House Rebuilding 2017

For many Palestinian communities, the family is the center of life. It represents a communal system where each individual member helps to contribute to financial and material ways to make the whole family function. It isn’t uncommon for brothers, sisters, uncles, and aunts all give monetarily for weddings and building new homes. It is also common practice to build buildings that can house the entire family, both out of practice and out of necessity. So in many cases, when the Israeli military demolishes a house, it isn’t just impacted the nuclear family, the entirety of the extended family as well. This was the case when the Israeli military demolished the home of Mahmoud Maher Abu Khyara.  

Just 20 years old, Mahmoud was set to be engaged. He was living with his three sisters and one brother next to his immediate family’s home. His father, who is a taxi driver, spent years and years helping to save money for the addition to the home, which was housing seven people altogether. Together, with the help of his father and extended family, they built a modest 120 square meter home, costing roughly 30,000 dollars to build. This demolition not only left seven people homeless, but it also set the prospects of Mahmoud getting married to a dark future.  

“For years, the situation in al-Walaji has been worsening. The whole area is facing pressure completely, unlike that of the ’80s and ’90s. We are supposed to be implementing “Peace Accords” with Israel. But what is happening? – They demolish our homes. They take our land,” said Maher, the father of the family. “Together, we have very little means a family, so the demolition of this how represented everything that we saved together over many years. How does the Israeli government say they want peace when they throw seven people out into the cold during the wintertime?”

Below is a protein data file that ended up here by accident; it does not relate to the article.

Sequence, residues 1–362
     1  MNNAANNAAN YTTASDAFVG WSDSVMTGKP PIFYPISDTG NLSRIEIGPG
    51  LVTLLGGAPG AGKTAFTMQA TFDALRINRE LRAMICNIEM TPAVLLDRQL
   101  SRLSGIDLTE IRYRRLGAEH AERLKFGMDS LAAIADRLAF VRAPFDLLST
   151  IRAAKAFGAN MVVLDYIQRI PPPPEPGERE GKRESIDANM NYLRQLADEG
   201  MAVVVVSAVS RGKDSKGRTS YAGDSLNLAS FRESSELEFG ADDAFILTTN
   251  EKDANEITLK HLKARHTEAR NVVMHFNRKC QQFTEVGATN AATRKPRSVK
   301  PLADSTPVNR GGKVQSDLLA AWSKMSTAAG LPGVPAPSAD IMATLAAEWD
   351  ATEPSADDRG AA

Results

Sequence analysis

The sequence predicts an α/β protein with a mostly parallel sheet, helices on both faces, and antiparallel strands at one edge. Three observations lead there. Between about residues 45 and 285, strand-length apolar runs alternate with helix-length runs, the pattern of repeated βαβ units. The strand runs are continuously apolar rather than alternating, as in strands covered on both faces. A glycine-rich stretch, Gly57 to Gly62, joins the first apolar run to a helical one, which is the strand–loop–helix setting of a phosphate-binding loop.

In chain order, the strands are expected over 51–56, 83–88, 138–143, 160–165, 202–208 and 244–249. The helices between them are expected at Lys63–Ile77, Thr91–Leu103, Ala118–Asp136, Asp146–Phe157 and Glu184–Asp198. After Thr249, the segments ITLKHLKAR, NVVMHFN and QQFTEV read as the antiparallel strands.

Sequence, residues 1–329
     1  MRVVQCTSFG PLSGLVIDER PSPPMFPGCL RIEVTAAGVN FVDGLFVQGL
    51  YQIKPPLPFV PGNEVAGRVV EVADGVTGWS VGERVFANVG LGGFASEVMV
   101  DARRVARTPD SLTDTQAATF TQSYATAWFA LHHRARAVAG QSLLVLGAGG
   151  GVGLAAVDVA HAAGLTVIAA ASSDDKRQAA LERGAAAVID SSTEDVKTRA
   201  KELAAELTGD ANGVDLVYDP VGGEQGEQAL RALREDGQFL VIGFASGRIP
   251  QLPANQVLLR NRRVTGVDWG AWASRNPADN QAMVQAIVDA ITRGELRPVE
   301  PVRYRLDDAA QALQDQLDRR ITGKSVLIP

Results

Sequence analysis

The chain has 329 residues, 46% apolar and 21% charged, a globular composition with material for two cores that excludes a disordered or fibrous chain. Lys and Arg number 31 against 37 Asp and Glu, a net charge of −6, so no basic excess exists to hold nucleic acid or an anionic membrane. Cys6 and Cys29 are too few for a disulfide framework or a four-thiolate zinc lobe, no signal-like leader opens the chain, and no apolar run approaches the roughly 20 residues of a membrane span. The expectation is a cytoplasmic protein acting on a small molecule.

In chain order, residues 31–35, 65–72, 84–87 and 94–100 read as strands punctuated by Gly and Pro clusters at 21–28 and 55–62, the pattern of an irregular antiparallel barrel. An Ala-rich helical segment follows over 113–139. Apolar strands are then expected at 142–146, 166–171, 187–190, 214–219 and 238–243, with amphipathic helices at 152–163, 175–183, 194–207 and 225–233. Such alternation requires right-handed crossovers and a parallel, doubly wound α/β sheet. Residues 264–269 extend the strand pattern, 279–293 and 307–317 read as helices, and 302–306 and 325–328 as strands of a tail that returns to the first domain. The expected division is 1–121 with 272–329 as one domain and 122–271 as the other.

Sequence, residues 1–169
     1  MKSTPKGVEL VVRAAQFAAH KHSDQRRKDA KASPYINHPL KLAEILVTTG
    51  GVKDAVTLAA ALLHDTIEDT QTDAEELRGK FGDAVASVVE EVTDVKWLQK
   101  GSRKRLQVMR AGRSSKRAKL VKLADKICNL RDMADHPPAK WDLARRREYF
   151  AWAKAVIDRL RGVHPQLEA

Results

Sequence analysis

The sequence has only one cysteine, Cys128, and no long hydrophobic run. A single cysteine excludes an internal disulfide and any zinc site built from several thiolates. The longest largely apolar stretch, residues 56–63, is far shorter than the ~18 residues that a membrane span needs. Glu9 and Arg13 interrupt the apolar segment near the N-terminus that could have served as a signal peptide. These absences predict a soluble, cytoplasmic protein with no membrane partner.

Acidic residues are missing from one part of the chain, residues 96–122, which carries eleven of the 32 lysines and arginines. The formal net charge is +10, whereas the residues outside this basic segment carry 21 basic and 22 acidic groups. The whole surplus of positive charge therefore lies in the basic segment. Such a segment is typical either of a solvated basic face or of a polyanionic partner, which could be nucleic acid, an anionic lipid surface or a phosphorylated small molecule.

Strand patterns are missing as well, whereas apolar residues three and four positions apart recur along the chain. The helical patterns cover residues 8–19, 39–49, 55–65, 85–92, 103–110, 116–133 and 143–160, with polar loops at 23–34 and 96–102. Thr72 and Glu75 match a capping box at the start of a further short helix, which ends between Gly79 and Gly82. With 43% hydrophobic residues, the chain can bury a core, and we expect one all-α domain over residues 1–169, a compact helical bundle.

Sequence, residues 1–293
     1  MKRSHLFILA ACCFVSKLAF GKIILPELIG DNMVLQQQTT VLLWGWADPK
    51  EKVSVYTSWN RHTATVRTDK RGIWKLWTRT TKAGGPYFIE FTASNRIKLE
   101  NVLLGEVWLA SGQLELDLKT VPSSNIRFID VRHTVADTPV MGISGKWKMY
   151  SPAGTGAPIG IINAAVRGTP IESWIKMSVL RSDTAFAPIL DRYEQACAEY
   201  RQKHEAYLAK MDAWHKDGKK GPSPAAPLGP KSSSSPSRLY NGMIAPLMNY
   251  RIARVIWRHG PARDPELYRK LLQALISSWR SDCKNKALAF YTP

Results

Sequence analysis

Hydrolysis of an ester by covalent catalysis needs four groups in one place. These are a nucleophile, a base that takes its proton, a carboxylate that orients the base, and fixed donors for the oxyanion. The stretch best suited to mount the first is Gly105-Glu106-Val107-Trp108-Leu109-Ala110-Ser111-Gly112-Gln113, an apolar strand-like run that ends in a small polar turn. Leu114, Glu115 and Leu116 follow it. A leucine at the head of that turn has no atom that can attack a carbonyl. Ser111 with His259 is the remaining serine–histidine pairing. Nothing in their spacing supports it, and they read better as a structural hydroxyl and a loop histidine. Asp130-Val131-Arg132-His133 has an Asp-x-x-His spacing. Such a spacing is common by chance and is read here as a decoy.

What Maher points out is that Israeli settlement expansion and home demolitions have actually skyrocketed after the signing of the Oslo Accords. There are now an estimated 800,000 illegal settlers living across Palestinian land in the West Bank. As now, they represent nearly 25% of the total population of the West Bank. Take this with house demolitions increasing every year, and a clear picture of settler-colonialism emerges – much like in the models of the United States, Canada, Brazil, and Australia. Israel has methodically implemented a program of erasure of the indigenous people to make way for non-native settlers to garner economic resources previously owned by the local population.  

As a model of resistance to settler-colonialism, Holy Land Trust partnered with Amos Trust to rebuild the family home of Khyara, not only giving the family space but also set Mahmoud back on the path to getting married.  

“When people look at the Middle East, they like to paint a picture of Islamic extremists taking over everything, that we can’t live in community with each other – that everybody is at war with the West,” said Mahmoud. “But what this rebuilding camp shows is just how powerful of a message we can send when we have Palestinian Muslims and Christians working together with the international community to heal and restore the faith of not only a family but an entire community. What Holy Land Trust does is really unlike that of any organization.”

 
Elias Deis
Executive Director
Holy Land Trust’s E.D., Elias Deis has worked for over a decade at Holy Land Trust. He was formally the Travel & Encounter Program Director and serves on the Beit Sahour City Council.

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